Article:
Tunisian National Dialogue Quartet Wins Nobel Peace Prize

The Tunisian National Dialogue Quartet won this year's Nobel Peace Prize "for its decisive contribution to the building of a pluralistic democracy in Tunisia in the wake of the Jasmine Revolution of 2011."

The Tunisian National Dialogue Quartet won this year's Nobel Peace Prize “for its decisive contribution to the building of a pluralistic democracy in Tunisia in the wake of the Jasmine Revolution of 2011.”

Tunisians are over the moon their democratic progress was recognised by awarding the National Dialogue Quartet the Nobel Peace Prize today. The quartet, made up of civil society organisations, played a pivotal role in mediating between different factions of Tunisian society as it transitioned into a full-fledged democracy, following the overthrow of dictator Zeinalabideen Ben Ali, during the Tunisian revolution.

Tounsiahourra (Free Tunisian) conveys the feeling of pride and happiness to her 110K followers on Twitter saying:

My mother, who has not ululated in a decade, ululated today for the Nobel Peace Prize, like a lady who had missed someone who was missing and who suddenly turned up. It is a feeling of justice I totally understand

In another tweet, she adds:

It's the happiest day of my life

According to the Nobel Prize committee:

The Quartet was formed in the summer of 2013 when the democratization process was in danger of collapsing as a result of political assassinations and widespread social unrest. It established an alternative, peaceful political process at a time when the country was on the brink of civil war. It was thus instrumental in enabling Tunisia, in the space of a few years, to establish a constitutional system of government guaranteeing fundamental rights for the entire population, irrespective of gender, political conviction or religious belief.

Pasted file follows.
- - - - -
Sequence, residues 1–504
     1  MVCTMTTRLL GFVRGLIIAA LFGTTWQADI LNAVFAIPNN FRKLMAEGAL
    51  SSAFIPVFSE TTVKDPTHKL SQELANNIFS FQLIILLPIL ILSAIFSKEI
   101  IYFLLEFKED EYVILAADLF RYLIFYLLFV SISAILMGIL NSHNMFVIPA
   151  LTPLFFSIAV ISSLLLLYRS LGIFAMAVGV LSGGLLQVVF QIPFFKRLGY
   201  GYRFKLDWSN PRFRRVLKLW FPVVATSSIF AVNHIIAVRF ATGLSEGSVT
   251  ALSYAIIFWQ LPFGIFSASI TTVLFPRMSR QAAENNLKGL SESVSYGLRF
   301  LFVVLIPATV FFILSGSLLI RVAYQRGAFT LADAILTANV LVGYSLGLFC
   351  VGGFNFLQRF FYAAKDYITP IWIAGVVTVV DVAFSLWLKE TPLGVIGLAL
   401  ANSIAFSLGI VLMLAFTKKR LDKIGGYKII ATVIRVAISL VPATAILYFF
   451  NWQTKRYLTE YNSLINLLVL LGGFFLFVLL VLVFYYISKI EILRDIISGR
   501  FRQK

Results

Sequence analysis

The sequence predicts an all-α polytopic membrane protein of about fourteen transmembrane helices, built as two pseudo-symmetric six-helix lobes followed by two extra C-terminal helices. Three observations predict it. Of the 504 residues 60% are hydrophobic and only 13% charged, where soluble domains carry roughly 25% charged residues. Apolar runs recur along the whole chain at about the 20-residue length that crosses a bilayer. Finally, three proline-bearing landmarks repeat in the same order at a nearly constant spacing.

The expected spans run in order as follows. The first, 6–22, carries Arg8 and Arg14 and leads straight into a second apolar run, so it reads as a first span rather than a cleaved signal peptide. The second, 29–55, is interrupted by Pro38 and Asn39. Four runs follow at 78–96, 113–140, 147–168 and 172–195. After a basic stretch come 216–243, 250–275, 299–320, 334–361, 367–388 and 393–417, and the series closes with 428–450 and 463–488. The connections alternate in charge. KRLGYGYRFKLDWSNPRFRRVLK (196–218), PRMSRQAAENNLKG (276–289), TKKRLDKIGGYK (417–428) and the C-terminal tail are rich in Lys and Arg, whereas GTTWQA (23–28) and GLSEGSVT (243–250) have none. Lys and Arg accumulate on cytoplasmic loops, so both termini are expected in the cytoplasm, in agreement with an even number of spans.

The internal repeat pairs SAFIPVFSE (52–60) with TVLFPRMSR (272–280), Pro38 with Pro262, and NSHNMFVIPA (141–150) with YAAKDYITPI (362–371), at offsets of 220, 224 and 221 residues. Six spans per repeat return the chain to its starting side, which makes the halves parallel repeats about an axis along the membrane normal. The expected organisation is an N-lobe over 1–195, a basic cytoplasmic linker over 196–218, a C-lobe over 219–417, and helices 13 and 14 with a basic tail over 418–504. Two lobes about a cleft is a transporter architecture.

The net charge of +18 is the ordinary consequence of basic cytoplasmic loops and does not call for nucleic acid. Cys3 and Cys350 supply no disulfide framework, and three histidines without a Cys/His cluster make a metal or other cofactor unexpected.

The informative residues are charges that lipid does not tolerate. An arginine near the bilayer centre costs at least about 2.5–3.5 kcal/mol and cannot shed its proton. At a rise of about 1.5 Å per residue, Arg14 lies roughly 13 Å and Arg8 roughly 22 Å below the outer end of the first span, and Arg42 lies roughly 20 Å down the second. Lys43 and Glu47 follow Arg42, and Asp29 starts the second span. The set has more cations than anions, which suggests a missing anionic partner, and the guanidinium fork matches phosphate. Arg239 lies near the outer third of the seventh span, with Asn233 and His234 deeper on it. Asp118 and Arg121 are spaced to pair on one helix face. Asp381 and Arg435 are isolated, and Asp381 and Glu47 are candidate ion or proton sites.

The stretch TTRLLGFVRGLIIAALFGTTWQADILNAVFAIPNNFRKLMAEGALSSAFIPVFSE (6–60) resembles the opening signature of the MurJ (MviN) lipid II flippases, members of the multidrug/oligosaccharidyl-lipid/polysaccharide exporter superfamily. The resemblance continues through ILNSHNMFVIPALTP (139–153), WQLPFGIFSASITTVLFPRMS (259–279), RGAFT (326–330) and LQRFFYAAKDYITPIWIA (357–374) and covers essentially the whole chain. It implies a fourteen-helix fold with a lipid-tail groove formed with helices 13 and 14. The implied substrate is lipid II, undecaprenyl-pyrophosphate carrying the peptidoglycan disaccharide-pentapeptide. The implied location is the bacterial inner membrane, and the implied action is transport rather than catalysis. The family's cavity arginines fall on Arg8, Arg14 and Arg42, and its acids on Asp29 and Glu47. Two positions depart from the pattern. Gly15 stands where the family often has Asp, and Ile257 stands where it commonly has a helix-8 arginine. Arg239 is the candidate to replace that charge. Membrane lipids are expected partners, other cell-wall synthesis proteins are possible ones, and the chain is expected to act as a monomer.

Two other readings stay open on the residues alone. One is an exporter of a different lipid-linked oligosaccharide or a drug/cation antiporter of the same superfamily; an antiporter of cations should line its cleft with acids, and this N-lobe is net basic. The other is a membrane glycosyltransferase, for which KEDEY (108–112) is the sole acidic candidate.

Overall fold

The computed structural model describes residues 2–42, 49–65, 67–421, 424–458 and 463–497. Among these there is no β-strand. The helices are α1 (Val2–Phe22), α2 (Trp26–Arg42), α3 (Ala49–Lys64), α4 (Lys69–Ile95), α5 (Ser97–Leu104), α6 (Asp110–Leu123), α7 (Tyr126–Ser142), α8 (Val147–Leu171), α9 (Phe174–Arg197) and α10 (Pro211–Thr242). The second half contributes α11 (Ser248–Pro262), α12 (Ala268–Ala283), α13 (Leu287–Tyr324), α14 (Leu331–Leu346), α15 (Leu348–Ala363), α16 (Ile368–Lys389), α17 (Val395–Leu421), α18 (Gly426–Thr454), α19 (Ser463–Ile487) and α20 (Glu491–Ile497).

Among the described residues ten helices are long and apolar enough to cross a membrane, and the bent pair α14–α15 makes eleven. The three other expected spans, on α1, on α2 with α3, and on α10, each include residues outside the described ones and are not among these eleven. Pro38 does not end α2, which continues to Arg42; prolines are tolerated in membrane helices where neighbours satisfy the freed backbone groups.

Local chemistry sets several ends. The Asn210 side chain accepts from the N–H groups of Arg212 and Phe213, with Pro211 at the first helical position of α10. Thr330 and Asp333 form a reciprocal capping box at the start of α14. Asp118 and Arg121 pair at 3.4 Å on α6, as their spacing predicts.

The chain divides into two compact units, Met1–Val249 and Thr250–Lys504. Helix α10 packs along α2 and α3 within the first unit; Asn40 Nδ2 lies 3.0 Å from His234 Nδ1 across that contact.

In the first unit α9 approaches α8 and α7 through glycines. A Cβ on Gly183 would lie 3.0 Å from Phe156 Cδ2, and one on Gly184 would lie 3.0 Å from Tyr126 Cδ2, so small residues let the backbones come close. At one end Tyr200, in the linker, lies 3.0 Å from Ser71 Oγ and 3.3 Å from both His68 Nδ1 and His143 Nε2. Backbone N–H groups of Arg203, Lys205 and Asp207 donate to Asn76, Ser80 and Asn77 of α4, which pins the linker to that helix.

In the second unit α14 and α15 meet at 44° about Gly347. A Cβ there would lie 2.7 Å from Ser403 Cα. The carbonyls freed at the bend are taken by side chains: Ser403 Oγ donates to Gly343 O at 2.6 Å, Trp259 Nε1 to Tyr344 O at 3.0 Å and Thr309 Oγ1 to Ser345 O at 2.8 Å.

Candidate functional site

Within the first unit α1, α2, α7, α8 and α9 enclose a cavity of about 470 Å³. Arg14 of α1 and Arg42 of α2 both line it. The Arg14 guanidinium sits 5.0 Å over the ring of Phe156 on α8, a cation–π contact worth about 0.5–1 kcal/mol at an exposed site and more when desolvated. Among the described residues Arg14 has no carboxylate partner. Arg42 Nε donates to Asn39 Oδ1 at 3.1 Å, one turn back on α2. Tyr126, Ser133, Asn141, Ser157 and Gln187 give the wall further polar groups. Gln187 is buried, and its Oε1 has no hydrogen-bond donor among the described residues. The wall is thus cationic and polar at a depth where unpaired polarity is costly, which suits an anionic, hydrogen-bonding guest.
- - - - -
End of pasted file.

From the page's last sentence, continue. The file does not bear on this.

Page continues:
The Quartet is made up of the Tunisian General Labour Union (UGTT, Union Générale Tunisienne du Travail), the Tunisian Confederation of Industry, Trade and Handicrafts (UTICA, Union Tunisienne de l'Industrie, du Commerce et de l'Artisanat), the Tunisian Human Rights League (LTDH, La Ligue Tunisienne pour la Défense des Droits de l'Homme), and the Tunisian Order of Lawyers (Ordre National des Avocats de Tunisie).

The committee adds:

the Quartet exercised its role as a mediator and driving force to advance peaceful democratic development in Tunisia with great moral authority.

The prize comes at a great time for Tunisia, rocked recently by an attack on the Bardo Museum in the capital Tunis in March, which left 22 people dead, followed by another deadly attack on a resort in Sousse, in June, which killed 38 tourists.

Tunisia was the first Arab country to usher in widespread pro-democracy protests, in December 2010, which created a Domino effect as other people across the Arab world rose, toppling regimes around the region. It is also the most successful revolution in the region, culminating with a democratic presidential election which brought 88-year-old political veteran Beji Caid Essebsi from Nida Tounes as president last year.

Around the world, many celebrated the award. The Arabic hashtag #تونس_تفوز_بنوبل_للسلام which translates to Tunisia Wins the Nobel Peace Prize became a trending topic in the United Arab Emirates in no time, with many joining the choir to celebrate Tunisia's victory:

Egyptian Nervana Mahmood tweets to her 46.9K followers on Twitter:

And Egyptian politician Mohamed ElBaradei tells his 3.7 million followers:

From Saudi Arabia, Abu Mathkour notes:

They did not interfere in Tunisia, so the there was reconciliation and peace. Congratulations Tunisia!

But for some, the award is an empty gesture, regardless of who wins it.

Dima S., who identifies herself as an Arab Middle East observer, expressed her skepticism over the award, even before the results were announced:

Mabrouk (congratulations) Tunisia and all the Tunisians who believed in peace!

Start the conversation

Authors, please log in »


  • All comments are reviewed by a moderator. Do not submit your comment more than once or it may be identified as spam.
  • Please treat others with respect. Comments containing hate speech, obscenity, and personal attacks will not be approved.